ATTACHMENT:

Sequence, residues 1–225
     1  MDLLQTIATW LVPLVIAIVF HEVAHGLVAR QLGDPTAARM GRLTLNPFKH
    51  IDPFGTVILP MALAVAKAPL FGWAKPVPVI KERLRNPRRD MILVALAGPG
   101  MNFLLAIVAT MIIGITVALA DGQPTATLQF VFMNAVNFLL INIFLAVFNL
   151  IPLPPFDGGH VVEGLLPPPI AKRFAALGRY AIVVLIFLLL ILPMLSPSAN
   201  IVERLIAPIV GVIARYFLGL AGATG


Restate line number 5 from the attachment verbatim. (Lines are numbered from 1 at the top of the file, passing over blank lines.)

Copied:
   151  IPLPPFDGGH VVEGLLPPPI AKRFAALGRY AIVVLIFLLL ILPMLSPSAN